After the fire.
The culture of negligence and disregard that existed before the fire has persisted in the weeks following. Here’s how.
“We need good costs for Cllr Feilding-Mellen and the planner tomorrow at 8.45am!”
In July 2014, this chillingly innocuous-looking email was sent from a project manager to a cost consultant in respect of a refurbishment project. The consultant, Artelia, duly replied with a range of options, including reduced costs for overcladding as part of a package to save £293,368.
This proposal was adopted. The rest is history.
We are beginning to build up an incomplete but workable picture of that history, including a failure to learn lessons on fire safety over three decades. We are starting to understand the labyrinthine supply chain — the council farming tenant management out to an arm’s-length organisation, the TMO commissioning Rydon to undertake the refurb, and the swathe of consultants and suppliers spreading outward. We can read the Grenfell Tower proposals from 2012, which incorporates the use of Celotex FR5000 cladding (FR standing for fire-resistant). We know this recommendation was not followed, and that suppressing the tower’s fire risk report was proposed.
As time progresses — and often no thanks to the authorities — we will understand a story that began with an ambitious public housing project to replace pre-war slums, and ended in horror decades later.
The present is much harder to understand.
At the moment it can only be pieced together in snapshots. A woman, not long after the fire, breaking down in tears in the road, immediately surrounded by a horde of flashing cameras. The satellite vans always on the street, the more unscrupulous journalists outside every school gate, nestled in every corner. A local councillor, a former librarian who lives adjacent to Grenfell, shaking as the council leader bars residents from a meeting. A local politician on the Today programme, confronted with news that a Grenfell Tower survivor is still paying rent on their destroyed home, asked if this makes the council look incapable. “Oh, come on”, she says dismissively. Bright sunshine on a Sunday evening, an open bar and a tray heaving with chicken and rice cooked for a fundraiser, Paul Weller spontaneously playing a set, Portobello Road still able to throw a good party even at the darkest hour.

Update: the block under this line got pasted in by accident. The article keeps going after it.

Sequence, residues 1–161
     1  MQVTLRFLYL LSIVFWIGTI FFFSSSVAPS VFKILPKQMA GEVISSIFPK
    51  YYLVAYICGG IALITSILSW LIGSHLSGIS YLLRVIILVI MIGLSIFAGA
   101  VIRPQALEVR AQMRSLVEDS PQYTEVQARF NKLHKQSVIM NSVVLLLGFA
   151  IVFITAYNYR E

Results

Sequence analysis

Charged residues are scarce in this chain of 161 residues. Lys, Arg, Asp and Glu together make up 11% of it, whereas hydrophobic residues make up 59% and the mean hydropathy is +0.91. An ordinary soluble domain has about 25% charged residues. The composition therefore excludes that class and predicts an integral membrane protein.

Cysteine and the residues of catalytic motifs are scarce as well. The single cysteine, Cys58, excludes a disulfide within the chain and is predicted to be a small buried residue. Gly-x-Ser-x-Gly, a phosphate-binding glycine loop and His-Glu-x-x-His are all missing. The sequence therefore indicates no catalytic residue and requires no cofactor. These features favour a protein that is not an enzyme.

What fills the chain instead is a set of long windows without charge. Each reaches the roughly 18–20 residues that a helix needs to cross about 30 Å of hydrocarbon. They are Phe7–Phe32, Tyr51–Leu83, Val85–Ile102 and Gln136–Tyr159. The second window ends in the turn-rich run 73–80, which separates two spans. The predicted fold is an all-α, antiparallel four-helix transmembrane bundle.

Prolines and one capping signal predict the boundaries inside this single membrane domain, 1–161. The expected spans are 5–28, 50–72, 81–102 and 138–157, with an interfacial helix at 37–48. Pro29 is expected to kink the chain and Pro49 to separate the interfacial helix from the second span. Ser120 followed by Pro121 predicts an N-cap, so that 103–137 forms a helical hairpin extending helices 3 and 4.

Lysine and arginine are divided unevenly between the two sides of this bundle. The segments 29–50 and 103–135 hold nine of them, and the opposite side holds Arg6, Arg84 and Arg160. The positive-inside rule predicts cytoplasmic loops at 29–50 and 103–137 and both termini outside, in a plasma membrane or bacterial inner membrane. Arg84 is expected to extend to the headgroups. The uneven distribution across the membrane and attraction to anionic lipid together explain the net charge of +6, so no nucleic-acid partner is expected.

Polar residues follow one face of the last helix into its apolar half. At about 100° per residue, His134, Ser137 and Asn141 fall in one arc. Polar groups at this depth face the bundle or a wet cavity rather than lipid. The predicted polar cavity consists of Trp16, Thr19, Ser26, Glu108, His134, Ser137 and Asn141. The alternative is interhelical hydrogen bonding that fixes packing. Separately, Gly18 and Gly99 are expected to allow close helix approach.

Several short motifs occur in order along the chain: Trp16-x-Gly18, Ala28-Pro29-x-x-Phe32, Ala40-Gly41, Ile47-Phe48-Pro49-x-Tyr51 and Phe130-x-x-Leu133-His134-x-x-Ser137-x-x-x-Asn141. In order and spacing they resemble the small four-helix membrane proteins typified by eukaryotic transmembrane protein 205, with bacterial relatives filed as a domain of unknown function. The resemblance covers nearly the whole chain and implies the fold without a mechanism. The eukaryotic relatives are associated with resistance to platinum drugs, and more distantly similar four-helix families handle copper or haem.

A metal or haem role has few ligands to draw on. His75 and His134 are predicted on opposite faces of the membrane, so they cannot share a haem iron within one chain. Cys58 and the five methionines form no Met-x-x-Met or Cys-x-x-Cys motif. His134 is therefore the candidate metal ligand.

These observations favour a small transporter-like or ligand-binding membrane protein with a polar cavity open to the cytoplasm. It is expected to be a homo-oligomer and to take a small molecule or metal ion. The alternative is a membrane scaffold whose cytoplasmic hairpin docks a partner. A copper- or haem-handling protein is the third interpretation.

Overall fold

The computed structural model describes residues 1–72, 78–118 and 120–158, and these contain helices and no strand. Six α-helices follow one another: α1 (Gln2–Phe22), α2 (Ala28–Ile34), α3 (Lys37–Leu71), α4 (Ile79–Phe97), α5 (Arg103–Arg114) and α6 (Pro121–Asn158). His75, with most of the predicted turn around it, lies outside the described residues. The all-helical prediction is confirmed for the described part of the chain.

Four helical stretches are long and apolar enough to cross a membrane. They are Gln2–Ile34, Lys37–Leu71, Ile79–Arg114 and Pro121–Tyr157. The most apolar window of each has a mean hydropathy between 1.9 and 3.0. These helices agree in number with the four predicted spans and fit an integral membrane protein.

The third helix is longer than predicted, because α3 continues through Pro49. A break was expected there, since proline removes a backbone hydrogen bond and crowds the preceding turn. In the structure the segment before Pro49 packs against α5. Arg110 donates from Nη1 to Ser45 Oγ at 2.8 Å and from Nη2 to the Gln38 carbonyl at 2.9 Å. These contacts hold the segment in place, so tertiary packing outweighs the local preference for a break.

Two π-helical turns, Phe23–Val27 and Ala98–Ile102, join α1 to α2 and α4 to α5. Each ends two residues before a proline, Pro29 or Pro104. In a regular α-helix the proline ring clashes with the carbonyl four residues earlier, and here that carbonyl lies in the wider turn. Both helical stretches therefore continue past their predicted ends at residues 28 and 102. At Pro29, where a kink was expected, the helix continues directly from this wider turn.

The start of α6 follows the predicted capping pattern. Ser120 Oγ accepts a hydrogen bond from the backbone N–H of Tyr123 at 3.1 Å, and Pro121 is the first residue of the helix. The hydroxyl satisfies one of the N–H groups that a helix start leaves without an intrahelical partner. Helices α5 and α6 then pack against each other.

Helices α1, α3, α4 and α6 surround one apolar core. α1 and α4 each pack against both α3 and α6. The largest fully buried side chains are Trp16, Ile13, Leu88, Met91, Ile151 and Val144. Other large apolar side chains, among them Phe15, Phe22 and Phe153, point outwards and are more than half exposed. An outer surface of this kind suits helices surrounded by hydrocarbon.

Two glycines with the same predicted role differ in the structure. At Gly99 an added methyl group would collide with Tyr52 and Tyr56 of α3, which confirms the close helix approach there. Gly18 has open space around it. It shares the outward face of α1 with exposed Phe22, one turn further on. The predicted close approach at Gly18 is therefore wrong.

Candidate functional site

I wrote in the days immediately following the fire that from the street, it seemed as if the voluntary response was working far more efficiently than the Town Hall one — and often voluntary agencies were ready to fill key gaps but unable to do so due to an information deficit. This is a phenomenon corroborated by people on the ground, many of whom are physically — as well as emotionally — exhausted from nonstop work. At the same time reliable missing lists have been impossible for people to find, much less confirmations of deaths. Some have been confirmed simply with short words scrawled over missing posters.
The first response is now at least partially stable. £3.4million and counting is being routed through local umbrella charity the K&C Foundation. The British Red Cross, the Mayor of London, Ealing Council and others have taken over large functions from an impotent local council. Sources from across the political spectrum are more confident in the abilities of response team chief John Barradell, who helped lead Westminster council’s response to the 7/7 attacks.
On the campaign side of things, the Grenfell Action Group whose safety warnings fell on deaf ears are still active, supported by the wider Radical Housing Network. Individuals, residents’ associations, community groups and a nascent Justice 4 Grenfell campaign have, through a fairly loose assemblage, been fielding vast amounts of media requests, signposting, meetings with politicians and scrutiny of the bodies involved. Recently-elected Labour MP Emma Dent Coad — who has branded the circumstances around the fire “unforgivable”, has been tireless and constantly visible, both in Parliament and the press, and in the community.
But things keep slipping up. There were the group of survivors evicted from Holiday Inn emergency accommodation with just hours’ notice. There’s the rental income being taken from at least one survivor, as well as from apparently the hundreds living on the rest of the Lancaster West estate, some of who have been evacuated and others who are left without functioning utilities. There’s the group managing widely-attended art therapy sessions who found themselves locked out of the community centre. And there remain both medium- and longer-term questions about rehousing.
Though on the last point, it is worth noting how many people, including those close to the council, asserted that rehousing residents in the borough would be outright impossible. While the granting of flats in Kensington Row to 68 households might not quite be the “luxury flat handover” it was spun as, it’s hugely significant that these homes were set aside to Grenfell residents, and as social rather than as “affordable”, i.e. slightly sub-market rate. (They will have to, sadly, live with people who have told them they are not wanted: “North Kensington is not this Kensington. I don’t want them here”, says one resident. That attitude is not reflective of South Kensington at large, but growing up there, I was on the sharp end of it often enough.)